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How TV Writing Became a Dead-End Job

For the six years he worked on “The Mentalist,” beginning in 2009, Jordan Harper’s job was far more than a writing gig. He and his colleagues in the writers’ room of the weekly CBS drama were heavily involved in production. They weighed in on costumes and props, lingered on the set, provided feedback to actors and directors. The job lasted most of a year.

But by 2018, when he worked on “Hightown,” a drama for Starz, the business of television writing had changed substantially. The writers spent about 20 weeks cranking out scripts, at which point most of their contracts ended, leaving many to scramble for additional work. The job of overseeing the filming and editing fell largely to the showrunner, the writer-producer in charge of a series.

“On a show like ‘The Mentalist,’ we’d all go to set,” Mr. Harper said. “Now the other writers are cut free. Only the showrunner and possibly one other writer are kept on board.”

The separation between writing and production, increasingly common in the streaming era, is one issue at the heart of the strike begun in May by roughly 11,500 Hollywood writers. They say the new approach requires more frequent job changes, making their work less steady, and has lowered writers’ earnings. Mr. Harper estimated that his income was less than half what it was seven years ago.

While their union, the Writers Guild of America, has sought guarantees that each show will employ a minimum number of writers through the production process, the major studios have said such proposals are “incompatible with the creative nature of our industry.” The Alliance of Motion Picture and Television Producers, which bargains on behalf of Hollywood studios, declined to comment further.

SAG-AFTRA, the actors’ union that went on strike last week, said its members had also felt the effects of the streaming era. While many acting jobs had long been shorter than those of writers, the union’s executive director, Duncan Crabtree-Ireland, said studios’ “extreme level of efficiency management” had led shows to break roles into smaller chunks and compress character story lines.

But Hollywood is far from the only industry to have presided over such changes, which reflect a longer-term pattern: the fracturing of work into “many smaller, more degraded, poorly paid jobs,” as the labor historian Jason Resnikoff has put it.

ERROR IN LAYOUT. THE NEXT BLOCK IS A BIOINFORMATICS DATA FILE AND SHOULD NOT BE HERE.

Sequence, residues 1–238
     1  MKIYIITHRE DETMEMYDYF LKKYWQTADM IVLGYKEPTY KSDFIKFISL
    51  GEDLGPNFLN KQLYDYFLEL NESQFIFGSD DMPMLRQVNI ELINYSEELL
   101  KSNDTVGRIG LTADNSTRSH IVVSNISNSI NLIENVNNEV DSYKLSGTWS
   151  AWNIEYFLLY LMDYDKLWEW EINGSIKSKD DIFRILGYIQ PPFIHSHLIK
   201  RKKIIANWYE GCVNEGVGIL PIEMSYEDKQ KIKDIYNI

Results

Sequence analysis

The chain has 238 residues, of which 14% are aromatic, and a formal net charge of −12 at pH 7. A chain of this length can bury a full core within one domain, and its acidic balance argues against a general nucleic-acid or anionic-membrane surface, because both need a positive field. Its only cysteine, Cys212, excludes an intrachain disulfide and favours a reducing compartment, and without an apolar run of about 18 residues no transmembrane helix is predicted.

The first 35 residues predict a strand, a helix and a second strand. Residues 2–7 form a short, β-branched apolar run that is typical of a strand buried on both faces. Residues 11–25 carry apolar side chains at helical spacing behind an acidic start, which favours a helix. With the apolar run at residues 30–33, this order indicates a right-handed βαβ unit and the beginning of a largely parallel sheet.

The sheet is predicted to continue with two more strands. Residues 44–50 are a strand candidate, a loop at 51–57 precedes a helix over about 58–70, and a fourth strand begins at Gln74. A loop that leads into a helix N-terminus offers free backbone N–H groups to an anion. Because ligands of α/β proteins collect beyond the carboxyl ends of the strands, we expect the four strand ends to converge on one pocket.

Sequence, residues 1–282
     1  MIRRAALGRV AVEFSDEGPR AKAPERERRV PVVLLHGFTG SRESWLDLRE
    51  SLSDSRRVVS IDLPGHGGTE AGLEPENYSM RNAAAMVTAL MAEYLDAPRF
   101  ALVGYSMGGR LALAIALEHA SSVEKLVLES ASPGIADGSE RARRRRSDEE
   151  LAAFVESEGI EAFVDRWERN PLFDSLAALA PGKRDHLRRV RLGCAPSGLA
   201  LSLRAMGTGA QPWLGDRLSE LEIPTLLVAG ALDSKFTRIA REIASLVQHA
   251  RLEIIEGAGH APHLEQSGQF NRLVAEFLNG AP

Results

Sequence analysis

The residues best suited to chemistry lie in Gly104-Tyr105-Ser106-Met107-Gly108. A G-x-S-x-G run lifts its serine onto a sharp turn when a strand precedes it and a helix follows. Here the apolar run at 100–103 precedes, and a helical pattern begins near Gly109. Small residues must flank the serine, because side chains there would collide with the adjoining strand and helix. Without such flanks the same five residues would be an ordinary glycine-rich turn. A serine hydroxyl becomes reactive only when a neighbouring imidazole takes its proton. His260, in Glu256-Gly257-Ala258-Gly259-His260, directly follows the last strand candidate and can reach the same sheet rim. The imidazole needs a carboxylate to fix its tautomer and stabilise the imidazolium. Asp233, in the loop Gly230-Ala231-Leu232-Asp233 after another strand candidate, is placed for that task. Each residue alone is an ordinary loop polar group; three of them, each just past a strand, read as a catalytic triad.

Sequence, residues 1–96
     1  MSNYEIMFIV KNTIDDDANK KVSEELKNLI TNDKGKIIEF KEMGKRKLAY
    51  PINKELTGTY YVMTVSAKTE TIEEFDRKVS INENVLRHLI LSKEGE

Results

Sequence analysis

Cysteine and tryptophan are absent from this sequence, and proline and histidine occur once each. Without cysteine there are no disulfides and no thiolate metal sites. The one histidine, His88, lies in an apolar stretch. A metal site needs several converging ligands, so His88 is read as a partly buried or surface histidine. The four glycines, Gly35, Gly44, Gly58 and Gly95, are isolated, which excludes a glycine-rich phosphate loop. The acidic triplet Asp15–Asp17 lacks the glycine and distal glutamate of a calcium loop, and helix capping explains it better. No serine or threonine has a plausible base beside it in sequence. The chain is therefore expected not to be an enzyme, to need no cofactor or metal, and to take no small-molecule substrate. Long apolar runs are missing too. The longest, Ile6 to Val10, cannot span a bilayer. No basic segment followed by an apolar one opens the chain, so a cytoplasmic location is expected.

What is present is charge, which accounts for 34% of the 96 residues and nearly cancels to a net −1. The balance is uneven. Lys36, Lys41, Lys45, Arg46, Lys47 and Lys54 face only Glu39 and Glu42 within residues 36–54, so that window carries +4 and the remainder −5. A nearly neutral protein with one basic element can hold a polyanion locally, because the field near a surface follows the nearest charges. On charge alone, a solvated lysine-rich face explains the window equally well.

In recent decades, the shift has affected highly trained white-collar workers as well. Large law firms have relatively fewer equity partners and more lawyers off the standard partner track, according to data from ALM, the legal media and intelligence company. Universities employ fewer tenured professors as a share of their faculty and more untenured instructors. Large tech companies hire relatively fewer engineers, while raising armies of temps and contractors to test software, label web pages and do low-level programming.

Over time, said Dr. Resnikoff, an assistant professor at the University of Groningen in the Netherlands, “you get this tiered work force of prestige workers and lesser workers” — fewer officers, more grunts. The writers’ experience shows how destabilizing that change can be.

The strategy of breaking up complex jobs into simpler, lower-paid tasks has roots in meatpacking and manufacturing. At the turn of the 20th century, automobiles were produced largely in artisanal fashion by small teams of highly skilled “all around” mechanics who helped assemble a variety of components and systems — ignition, axles, transmission.

By 1914, Ford Motor had repeatedly divided and subdivided these jobs, spreading more than 150 men across a vast assembly line. The workers typically performed a few simple tasks over and over.

For decades, making television shows was similar in some ways to the early days of automaking: A team of writers would be involved in all parts of the production. Many of those who wrote scripts were also on set, and they often helped edit and polish the show into its final form.

The “all around” approach had multiple benefits, writers say. Not least: It improved the quality of the show. “You can write a voice in your head, but if you don’t hear it,” said Erica Weiss, a co-showrunner of the CBS series “The Red Line,” “you don’t actually know if it works.”

Ms. Weiss said having her writers on the set allowed them to rework lines after the actors’ table read, or rewrite a scene if it was suddenly moved indoors.

She and other writers and showrunners said the system also taught young writers how to oversee a show — essentially grooming apprentices to become the master craftspeople of their day.

But it is increasingly rare for writers to be on set. As in manufacturing, the job of making television shows is being broken down into more discrete tasks.